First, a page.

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DreadfulWater Shows Up, by Hartley Goodweather, pseudonym for Thomas King.

January 11, 2014

DreadfulWater Shows Up, by Hartley Goodweather, pseudonym for Thomas King.

A well-crafted mystery by a favorite Native American scholar and novelist.

 When I first learned that Thomas King had written a mystery novel, I had to read it.  I have devoured everything else he has written; his varied novels, his history of the Indigenous people of Canada and the USA, and his fine lecture series of storytelling and truth, and I was curious about what he would do with the mystery genre.   I found that he is as good at writing mysteries as he is at everything else.

 Indian Thumps Dreadfulwater is a retired cop who is trying to make a life for himself as a photographer in a small town near an Indian reservation.  When he gets called to photograph the corpus of a dead man found in the luxury resort and casino the tribe is finishing, he gets pulled into the search for the culprit.  Although the sheriff tries to keep him out of the case, Dreadfulwater is curious, especially since the crime is about to pinned on a teenager, the son of the woman whom he loves.  As more people die, the tension mounts, and contradictory clues accumulate.  Dreadfulwater has to face his own uncomfortable memories.  I remained unable to solve the mystery before the characters did, yet in the end the solution of the mystery made scene.  To some extent, King establishes order in the end, but he acknowledges that trouble is still on the loose.

 The setting for the story is the imaginary town of Chinook, which could be in any western state in the USA.  As often with King, most of the characters are Indians, not labeled as members of any particular tribe.  King himself is a Cherokee who grew up in California and his allegiance is not tribal but to all Native Americans.  Most but not all his characters are Indians, and through them King conveys the humor and cynicism of their prospective.  White characters are also important and well-described.  A few are rabid racists, but most interact smoothly with the Indian characters.  Indians have their own perspectives and their own concerns, but they are not closed out of the community.  Racial tension is present but not the major theme of the book.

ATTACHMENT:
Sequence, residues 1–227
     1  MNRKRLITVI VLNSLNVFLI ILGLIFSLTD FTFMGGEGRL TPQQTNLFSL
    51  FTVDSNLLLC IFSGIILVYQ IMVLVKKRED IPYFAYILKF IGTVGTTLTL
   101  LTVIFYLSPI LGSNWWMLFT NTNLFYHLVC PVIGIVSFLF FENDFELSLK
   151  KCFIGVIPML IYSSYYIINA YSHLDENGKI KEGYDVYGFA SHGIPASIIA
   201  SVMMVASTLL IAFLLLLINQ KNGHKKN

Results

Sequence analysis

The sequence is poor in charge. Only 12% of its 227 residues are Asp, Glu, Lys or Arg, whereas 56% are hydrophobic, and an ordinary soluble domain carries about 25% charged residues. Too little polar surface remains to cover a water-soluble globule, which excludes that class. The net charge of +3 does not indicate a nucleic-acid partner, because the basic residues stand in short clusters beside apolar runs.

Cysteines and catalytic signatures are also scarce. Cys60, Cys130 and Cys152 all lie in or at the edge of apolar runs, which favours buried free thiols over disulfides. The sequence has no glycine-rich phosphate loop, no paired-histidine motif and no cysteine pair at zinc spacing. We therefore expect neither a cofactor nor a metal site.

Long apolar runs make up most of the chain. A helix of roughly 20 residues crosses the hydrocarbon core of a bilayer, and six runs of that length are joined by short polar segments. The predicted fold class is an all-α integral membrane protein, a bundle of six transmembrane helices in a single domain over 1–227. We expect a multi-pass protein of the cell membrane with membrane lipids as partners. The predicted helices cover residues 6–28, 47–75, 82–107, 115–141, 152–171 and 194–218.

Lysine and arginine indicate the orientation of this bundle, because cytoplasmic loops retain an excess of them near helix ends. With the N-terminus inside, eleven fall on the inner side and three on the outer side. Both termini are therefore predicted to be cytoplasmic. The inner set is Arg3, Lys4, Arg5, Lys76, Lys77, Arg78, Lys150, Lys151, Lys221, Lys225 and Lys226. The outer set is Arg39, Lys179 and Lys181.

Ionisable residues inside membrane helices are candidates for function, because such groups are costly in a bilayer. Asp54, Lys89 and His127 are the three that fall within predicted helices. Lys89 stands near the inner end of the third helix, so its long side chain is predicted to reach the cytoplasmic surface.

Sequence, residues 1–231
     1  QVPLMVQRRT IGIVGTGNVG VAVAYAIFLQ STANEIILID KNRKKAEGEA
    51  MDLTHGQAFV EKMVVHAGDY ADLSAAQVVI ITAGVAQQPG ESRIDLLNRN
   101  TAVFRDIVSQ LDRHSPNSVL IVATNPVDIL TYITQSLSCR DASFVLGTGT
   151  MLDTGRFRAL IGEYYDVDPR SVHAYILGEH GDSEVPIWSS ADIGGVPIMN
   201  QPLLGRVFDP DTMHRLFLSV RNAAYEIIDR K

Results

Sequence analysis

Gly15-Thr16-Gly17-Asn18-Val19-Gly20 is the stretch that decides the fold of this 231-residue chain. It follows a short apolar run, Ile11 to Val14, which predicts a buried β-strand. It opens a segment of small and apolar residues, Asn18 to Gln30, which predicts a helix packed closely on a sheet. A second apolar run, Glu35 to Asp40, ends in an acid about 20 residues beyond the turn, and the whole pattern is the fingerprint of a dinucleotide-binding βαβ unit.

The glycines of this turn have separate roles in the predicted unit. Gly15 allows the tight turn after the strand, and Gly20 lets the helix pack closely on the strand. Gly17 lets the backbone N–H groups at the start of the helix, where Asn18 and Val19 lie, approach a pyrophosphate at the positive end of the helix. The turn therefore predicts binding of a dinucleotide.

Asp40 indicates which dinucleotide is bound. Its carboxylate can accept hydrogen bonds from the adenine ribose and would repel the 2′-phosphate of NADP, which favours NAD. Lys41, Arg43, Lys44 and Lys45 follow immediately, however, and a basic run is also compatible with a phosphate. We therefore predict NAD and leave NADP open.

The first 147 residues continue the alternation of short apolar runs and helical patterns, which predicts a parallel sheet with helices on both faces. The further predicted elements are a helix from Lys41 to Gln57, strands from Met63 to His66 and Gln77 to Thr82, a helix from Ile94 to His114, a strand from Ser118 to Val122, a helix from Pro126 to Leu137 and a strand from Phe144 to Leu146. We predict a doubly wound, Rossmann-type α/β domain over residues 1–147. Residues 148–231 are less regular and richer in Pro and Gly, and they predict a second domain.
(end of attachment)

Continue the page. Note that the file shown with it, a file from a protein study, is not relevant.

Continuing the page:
While any mystery fan can enjoy this book, King manages to make the genre his own with his caustic humor and dry wit.  He has created a host of remarkable characters; Dreadfulwater himself, the smooth computer executives who appear at the scene of the crime, the traditional medicine man who is a genius at computers, the sheriff and his incompetent deputy, and many more.  As always, King does a fine job of portraying strong women.  The woman who heads the tribe and the woman who runs the computer business are culturally different, but both are forceful and shrewd.  The mother/son relationship in the book is particularly well-told.

Strongly recommended to all who enjoy mysteries, especially those who seek excellent ones written by people of color who introduce new perspectives and contexts.  King has written a second DreadfulWater mystery,  which I hope to find.  For my reviews of other books by King, see the index to my blog.

One Comment leave one →
  1. January 12, 2014 1:48 am

    I adored this too! And definitely recommend it to all mystery lovers. I got the 2nd one from Better World Books during their Black Friday sale; I’m saving it until I move, because my new library system isn’t as good as my current one.

    Mardi Oakley Medawar has written some mysteries too: most are historical on the cosy side, and solidly good but not brilliant (a la King), and I read them when I need a comfort read (speaking of which, I read the first Malla Nunn mystery ages ago, and while I think she’s an incredible writer, I don’t consider her a comfort read! lol Too much violence). She also wrote a contemporary one, though, Murder on the Red Cliff Rez, that was just fabulous. I hope she revisits it and turns it into a series: the main character/sleuth is a particularly neat woman.

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